Global markets are buoyant ahead of US inflation data along with expectations that the hawkishness of central banks will not harm the economic recovery as much as feared.
Global investors are awaiting January's inflation data in the US on Thursday, with figures expected to show that prices rose 0.4% in January, for a 7.2% gain from a year earlier, which would be the highest in almost 40 years.
The possible effects of central banks' changing policy stances on asset prices continue to drive the markets.
While concerns that the economic recovery might be hampered by monetary tightening have been calmed by policymakers, local dynamics in stock markets came to the fore in pricing.
Analysts reported earnings generally met expectations in the ongoing balance sheet season around the world.
Stating that the inflation data to be announced Thursday in the US contains the risk of market volatility, they said developments in Ukraine and the threat of military conflict there also remain a focus of investors.
Before the US inflation data, the US 10-year bond yield stabilized at 1.95% after reaching its highest level since August 2019 with 1.97%.
Oil prices started the Wednesday down after a seven-week upward trend.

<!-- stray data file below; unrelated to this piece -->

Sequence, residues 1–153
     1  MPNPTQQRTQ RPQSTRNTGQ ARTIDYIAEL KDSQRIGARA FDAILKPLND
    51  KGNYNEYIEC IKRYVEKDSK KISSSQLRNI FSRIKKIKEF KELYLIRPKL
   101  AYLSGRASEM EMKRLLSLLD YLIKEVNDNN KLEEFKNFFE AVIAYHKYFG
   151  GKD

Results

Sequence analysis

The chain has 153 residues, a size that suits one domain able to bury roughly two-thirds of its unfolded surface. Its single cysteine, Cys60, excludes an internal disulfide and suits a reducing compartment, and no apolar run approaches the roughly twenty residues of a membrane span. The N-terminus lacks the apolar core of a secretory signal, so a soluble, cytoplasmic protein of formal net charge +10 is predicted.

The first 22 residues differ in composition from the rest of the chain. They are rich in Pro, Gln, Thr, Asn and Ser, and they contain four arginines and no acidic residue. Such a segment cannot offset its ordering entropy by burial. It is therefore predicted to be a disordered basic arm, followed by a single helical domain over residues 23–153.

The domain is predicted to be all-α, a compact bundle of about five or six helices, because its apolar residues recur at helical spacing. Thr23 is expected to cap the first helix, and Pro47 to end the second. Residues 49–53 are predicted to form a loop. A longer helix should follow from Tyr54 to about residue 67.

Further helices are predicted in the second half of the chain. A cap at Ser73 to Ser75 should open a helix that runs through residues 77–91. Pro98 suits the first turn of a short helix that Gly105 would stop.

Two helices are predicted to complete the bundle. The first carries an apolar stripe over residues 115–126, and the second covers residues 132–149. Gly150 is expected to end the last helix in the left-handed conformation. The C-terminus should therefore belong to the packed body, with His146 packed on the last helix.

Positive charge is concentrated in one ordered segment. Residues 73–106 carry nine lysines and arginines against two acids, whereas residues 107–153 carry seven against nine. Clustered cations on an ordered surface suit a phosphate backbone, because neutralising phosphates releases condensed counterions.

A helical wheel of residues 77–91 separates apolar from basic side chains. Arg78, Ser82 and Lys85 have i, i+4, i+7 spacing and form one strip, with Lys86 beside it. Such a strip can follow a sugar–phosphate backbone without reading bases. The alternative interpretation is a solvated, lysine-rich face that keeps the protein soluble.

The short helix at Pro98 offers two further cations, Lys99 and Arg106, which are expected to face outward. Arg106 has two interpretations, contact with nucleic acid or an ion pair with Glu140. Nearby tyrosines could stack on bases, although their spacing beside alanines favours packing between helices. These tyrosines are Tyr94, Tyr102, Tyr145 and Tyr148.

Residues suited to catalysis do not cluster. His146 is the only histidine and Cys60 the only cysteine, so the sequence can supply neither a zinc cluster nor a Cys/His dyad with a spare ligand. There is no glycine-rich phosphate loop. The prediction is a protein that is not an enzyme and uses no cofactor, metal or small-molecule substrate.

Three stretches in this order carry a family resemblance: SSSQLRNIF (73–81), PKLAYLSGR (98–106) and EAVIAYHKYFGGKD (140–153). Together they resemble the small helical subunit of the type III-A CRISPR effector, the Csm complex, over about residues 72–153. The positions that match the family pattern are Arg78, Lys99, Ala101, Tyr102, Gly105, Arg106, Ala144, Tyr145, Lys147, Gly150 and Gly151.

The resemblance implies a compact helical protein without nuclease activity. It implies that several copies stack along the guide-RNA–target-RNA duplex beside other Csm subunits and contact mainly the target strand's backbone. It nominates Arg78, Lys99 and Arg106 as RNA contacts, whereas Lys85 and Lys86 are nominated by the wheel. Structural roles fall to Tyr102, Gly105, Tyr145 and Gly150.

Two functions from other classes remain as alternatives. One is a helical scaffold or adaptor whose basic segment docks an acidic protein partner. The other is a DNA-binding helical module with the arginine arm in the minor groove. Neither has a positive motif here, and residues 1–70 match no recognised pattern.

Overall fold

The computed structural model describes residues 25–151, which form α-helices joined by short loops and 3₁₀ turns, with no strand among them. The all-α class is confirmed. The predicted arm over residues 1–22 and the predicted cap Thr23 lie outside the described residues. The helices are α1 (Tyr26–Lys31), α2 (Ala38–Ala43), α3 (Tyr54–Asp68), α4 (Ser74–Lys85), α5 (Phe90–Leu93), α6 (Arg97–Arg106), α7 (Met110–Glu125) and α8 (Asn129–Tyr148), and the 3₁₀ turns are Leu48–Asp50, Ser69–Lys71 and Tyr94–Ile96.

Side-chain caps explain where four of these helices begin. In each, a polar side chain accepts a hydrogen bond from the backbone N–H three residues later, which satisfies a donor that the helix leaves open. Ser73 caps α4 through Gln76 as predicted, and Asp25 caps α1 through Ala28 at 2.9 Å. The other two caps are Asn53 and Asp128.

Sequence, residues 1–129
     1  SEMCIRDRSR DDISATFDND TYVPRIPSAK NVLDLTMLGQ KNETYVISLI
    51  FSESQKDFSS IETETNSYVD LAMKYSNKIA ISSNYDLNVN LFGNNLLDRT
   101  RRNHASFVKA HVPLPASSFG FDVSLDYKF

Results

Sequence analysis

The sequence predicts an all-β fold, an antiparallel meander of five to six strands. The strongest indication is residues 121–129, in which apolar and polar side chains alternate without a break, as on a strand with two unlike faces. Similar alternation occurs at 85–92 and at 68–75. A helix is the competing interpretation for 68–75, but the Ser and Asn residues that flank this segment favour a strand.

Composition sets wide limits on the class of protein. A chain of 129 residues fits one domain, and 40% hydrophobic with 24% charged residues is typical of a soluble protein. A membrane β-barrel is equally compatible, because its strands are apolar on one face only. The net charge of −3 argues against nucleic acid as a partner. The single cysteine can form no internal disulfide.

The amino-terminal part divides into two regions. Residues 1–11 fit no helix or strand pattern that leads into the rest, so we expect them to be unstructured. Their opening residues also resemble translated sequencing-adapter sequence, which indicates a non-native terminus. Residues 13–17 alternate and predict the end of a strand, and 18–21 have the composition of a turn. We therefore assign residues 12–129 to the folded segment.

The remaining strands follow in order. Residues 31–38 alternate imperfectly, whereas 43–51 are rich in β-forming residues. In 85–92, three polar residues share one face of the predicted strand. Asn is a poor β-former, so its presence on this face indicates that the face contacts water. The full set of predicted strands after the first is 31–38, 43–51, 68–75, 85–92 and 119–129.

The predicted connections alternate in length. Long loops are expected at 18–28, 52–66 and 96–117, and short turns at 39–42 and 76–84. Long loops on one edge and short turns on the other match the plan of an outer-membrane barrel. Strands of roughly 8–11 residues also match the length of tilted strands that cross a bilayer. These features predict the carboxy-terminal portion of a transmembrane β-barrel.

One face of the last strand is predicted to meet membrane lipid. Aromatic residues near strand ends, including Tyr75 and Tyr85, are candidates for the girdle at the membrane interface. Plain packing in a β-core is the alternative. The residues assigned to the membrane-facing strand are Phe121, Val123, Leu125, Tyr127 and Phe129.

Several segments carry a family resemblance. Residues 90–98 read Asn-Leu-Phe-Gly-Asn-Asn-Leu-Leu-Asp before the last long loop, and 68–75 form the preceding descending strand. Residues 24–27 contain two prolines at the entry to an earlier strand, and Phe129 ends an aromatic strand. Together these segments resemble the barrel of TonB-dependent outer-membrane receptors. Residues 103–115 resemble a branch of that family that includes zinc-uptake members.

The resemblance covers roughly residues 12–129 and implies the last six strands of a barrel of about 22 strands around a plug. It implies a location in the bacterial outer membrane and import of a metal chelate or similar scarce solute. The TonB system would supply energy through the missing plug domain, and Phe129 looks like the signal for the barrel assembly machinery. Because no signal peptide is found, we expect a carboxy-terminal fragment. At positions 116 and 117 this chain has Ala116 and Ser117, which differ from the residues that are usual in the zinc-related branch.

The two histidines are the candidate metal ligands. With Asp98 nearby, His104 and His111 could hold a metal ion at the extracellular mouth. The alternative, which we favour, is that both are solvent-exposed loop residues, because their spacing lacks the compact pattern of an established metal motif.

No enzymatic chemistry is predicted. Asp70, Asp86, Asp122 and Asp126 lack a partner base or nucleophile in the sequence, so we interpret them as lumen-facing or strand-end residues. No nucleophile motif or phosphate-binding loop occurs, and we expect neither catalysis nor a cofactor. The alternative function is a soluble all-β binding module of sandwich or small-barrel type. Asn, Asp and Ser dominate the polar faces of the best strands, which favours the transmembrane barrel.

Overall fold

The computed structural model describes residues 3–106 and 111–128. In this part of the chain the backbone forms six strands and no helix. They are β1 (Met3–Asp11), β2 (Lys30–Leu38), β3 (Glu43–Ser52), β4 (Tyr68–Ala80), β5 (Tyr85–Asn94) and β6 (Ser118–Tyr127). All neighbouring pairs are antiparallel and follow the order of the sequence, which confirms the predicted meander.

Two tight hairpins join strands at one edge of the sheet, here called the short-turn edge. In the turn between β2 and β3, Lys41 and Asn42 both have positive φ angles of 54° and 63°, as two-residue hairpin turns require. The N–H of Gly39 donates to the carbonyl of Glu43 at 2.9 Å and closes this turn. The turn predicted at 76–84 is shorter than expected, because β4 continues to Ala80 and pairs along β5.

Crude is also under pressure from the resumption of Iran nuclear talks, with a deal probably seeing the country exporting oil again before the end of 2022.
On the European side, the verbal guidance of European Central Bank officials is in the spotlight. Yesterday, the Polish Central Bank increased the policy rate by 50 basis points to 2.75%, in line with expectations.
In Asia, risk appetite remains high, with the positive trend in the US markets and the news flow that state-backed funds are buying stocks in China.
However, the increased tension between China and the US and rising omicron cases are seen as the main risk factors.
Fears that China has not fulfilled its obligations under trade agreements signed during the term of then-US President Donald Trump would increase tension between the two countries.